Schwein. ex Benth.
It is a herbaceous perennial with glabrous stems 10–100 cm long that bear terminal or axillary racemes or spikes of soft violet flowers. The leaves are 1.5–8 cm long and 3 to 20 times as long as wide, short-petiolate, glabrous, serrate to almost entire.
The plant can be confused with Skullcap and other members of the mint family. Members of the mint family have square sided stems, and Veronica species have rounded stems, and are easily distinguished from skullcap.
Uses and edibility
American Speedwell is edible and nutritious and is reported to have a flavor similar to watercress. Native Americans used Veronica species as an expectorant tea to alleviate bronchial congestion associated with asthma and allergies.
Extracts obtained from the herbs of various Veronica species are used as folk remedy worldwide for the treatment of cancer, influenza, laryngopharyngitis, hernia, cough and respiratory diseases and can also be used as an expectorant and anti scurvy.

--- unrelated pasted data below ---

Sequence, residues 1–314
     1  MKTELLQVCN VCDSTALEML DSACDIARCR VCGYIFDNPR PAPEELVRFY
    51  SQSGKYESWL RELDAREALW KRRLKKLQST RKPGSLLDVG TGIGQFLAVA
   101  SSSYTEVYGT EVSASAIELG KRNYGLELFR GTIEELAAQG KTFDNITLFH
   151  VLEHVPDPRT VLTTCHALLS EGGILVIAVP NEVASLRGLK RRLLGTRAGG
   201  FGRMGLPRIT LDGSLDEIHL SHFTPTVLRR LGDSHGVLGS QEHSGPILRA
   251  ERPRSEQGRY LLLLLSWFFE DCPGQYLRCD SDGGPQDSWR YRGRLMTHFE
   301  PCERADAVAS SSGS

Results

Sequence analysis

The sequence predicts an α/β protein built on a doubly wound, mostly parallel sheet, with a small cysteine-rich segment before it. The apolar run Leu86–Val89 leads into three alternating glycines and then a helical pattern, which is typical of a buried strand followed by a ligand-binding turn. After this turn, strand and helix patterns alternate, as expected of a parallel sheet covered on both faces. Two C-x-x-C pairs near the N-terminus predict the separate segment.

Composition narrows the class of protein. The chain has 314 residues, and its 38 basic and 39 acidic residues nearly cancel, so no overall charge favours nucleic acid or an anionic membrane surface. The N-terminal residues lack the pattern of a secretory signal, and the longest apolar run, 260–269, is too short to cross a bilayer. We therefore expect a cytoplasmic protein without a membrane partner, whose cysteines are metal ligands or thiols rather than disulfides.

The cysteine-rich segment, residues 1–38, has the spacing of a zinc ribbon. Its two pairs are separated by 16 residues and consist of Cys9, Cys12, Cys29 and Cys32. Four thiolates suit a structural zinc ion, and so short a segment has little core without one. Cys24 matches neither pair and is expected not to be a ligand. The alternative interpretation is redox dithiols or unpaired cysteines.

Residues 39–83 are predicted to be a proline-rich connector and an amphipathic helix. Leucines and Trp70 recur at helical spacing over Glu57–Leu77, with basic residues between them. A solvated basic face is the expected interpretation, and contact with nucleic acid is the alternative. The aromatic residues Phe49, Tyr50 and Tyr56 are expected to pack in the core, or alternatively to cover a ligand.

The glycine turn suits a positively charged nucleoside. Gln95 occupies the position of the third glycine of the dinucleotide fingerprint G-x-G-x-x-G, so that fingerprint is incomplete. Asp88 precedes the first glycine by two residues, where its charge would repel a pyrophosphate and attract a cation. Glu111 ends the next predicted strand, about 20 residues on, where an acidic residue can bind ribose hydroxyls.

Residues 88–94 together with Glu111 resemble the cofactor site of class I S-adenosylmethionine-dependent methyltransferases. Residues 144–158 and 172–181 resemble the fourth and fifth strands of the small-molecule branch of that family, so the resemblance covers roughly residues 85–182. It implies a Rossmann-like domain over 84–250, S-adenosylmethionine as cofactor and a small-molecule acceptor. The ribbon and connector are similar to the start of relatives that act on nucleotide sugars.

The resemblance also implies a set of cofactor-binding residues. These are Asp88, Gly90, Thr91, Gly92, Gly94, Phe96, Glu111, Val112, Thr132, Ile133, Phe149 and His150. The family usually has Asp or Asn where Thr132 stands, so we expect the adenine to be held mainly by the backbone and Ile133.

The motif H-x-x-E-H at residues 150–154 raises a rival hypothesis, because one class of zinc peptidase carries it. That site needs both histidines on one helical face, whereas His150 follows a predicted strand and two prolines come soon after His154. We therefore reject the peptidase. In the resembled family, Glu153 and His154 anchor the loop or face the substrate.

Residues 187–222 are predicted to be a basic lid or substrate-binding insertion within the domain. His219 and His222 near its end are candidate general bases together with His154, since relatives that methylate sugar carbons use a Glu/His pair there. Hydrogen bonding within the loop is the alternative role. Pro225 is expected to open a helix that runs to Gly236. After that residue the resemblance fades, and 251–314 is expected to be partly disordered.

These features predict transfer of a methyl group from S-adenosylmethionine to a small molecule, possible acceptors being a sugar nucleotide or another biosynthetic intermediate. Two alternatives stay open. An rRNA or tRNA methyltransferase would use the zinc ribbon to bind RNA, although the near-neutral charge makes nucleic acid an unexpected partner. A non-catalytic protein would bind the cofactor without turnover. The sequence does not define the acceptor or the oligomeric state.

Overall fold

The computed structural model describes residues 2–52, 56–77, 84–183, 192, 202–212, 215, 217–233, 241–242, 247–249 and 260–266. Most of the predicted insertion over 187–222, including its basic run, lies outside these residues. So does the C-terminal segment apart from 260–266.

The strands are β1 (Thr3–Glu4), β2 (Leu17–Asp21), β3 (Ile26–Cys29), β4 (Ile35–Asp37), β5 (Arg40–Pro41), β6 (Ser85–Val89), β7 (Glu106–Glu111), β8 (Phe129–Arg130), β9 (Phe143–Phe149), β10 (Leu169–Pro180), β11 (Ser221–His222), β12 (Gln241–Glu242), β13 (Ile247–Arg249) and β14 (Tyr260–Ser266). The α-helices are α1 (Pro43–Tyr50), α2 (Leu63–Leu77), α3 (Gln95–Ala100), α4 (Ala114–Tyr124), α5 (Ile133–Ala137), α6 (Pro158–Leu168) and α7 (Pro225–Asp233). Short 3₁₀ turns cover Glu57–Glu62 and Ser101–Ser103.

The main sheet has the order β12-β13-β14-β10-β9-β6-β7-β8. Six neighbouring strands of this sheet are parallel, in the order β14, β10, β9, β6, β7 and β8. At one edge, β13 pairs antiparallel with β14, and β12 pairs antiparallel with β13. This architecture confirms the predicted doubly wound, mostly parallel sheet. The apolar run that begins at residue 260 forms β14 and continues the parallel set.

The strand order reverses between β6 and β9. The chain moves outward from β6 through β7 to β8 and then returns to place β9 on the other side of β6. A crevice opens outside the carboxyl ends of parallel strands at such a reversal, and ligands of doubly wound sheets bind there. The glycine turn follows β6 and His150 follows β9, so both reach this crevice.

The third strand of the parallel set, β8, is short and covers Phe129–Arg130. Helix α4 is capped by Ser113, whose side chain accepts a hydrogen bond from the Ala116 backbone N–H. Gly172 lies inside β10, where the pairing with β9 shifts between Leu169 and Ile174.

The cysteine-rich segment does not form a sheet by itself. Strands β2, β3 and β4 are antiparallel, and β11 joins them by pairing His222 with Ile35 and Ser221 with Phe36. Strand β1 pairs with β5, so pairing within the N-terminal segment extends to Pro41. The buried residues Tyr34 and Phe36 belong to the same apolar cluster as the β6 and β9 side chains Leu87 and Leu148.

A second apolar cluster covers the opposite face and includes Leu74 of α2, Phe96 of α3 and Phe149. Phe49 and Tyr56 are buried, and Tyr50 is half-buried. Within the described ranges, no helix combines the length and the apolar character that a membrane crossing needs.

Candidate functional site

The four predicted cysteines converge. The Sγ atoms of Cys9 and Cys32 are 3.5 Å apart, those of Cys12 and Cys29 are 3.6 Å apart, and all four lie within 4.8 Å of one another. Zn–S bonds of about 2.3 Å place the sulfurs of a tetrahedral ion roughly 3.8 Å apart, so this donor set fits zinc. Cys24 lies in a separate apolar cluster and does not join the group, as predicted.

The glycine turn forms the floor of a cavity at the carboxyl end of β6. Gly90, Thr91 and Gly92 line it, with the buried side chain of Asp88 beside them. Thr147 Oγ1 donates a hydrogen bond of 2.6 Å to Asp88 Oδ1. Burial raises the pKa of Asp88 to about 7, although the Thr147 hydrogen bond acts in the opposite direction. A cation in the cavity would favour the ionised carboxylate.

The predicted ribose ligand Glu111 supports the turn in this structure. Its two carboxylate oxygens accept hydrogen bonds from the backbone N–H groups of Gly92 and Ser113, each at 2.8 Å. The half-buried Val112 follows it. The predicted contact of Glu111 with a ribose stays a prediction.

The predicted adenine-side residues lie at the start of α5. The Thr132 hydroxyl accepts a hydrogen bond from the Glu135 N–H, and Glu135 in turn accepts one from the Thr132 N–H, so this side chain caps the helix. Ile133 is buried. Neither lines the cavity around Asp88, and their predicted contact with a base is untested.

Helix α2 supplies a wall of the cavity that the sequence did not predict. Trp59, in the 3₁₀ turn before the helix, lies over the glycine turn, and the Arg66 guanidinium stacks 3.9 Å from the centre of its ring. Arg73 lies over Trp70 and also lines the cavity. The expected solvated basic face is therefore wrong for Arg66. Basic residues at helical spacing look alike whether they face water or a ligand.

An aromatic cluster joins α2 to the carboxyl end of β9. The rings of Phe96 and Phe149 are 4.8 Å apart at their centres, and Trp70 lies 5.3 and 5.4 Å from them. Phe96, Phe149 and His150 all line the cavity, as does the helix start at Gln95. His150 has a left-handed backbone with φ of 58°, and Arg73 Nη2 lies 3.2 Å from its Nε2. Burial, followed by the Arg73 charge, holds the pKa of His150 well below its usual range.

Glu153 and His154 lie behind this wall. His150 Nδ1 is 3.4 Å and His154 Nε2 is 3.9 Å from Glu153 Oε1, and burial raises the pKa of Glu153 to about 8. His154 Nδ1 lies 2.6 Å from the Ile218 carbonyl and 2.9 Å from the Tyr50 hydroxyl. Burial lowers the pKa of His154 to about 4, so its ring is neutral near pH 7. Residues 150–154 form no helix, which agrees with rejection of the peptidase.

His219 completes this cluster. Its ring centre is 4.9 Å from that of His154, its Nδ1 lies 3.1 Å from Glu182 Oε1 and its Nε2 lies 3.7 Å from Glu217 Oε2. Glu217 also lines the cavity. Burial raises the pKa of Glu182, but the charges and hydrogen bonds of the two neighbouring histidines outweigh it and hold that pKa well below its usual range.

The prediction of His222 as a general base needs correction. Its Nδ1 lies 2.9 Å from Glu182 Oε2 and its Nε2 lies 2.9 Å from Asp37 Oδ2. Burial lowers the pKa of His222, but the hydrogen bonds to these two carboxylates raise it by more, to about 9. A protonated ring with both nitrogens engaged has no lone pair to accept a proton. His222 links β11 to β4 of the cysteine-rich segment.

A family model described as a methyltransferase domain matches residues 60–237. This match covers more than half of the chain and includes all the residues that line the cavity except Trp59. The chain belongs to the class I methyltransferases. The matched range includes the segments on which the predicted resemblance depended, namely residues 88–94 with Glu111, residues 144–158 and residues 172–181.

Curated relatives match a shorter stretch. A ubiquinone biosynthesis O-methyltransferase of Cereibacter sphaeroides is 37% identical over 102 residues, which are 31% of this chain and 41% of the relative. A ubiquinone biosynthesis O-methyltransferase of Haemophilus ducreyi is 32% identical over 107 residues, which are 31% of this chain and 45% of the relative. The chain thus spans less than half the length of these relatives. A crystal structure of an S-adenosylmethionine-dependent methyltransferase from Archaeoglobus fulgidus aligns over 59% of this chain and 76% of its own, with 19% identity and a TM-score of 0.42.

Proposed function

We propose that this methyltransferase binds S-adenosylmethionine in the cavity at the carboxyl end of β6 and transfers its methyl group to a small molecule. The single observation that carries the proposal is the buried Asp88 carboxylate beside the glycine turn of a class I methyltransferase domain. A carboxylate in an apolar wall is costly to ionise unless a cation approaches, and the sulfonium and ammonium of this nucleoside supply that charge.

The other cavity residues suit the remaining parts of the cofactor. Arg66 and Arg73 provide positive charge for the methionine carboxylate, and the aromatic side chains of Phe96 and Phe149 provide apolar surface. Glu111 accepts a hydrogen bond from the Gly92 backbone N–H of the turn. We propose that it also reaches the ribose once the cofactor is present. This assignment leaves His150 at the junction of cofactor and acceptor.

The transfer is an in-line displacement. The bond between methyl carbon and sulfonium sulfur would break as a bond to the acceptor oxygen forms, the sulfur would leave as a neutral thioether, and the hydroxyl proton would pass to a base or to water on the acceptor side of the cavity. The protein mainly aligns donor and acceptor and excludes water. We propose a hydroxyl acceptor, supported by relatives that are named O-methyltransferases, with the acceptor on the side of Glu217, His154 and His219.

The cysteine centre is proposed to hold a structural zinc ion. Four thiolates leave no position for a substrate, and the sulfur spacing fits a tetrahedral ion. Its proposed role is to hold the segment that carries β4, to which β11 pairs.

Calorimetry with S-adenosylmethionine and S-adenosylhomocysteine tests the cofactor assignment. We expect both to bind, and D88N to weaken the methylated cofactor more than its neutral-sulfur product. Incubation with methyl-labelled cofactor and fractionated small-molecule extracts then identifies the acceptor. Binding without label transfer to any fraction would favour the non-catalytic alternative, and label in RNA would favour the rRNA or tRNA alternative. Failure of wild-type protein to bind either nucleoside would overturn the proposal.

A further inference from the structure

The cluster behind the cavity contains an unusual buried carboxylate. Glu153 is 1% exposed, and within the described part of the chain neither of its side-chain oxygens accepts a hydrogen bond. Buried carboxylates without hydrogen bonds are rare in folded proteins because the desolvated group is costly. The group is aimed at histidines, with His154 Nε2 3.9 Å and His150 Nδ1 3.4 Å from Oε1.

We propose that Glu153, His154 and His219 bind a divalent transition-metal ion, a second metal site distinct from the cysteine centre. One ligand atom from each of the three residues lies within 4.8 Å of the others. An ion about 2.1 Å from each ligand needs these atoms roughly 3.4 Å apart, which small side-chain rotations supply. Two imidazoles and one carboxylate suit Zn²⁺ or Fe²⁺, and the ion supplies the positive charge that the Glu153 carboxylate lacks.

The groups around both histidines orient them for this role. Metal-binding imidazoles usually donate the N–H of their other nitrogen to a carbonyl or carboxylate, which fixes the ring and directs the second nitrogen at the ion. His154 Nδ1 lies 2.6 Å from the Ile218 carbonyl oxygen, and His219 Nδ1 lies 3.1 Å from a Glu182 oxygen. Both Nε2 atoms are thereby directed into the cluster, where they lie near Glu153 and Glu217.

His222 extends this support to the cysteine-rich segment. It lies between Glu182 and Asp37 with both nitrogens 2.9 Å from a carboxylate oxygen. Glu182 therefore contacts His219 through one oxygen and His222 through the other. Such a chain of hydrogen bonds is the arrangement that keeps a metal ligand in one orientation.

- "Veronica americana Schwein. ex Benth.". PLANTS Profile. United States Department of Agriculture; Natural Resources Conservation Service. Retrieved 2008-03-30.
- "Veronica americana Schwein. ex Benth.". GRIN Taxonomy for Plants. Germplasm Resources Information Network. Retrieved 2008-03-30.
- "Veronica americana". WTU Herbarium Image Collection. Burke Museum, University of Washington. Retrieved 2008-03-30.
- Edible and Medicinal Plants of the West, Gregory L. Tilford, ISBN 0-87842-359-1
|Wikimedia Commons has media related to Veronica americana.|
- Moreno-Escobar, Jorge; Alvarez, Laura; Rodriguez-Lopez, Veronica; Marquina Bahena, Silvia (2013). "Cytotoxic glucosydic iridoids from Veronica americana". Phytochemistry Letters 6 (4): 610–613. doi:10.1016/j.phytol.2013.07.017.
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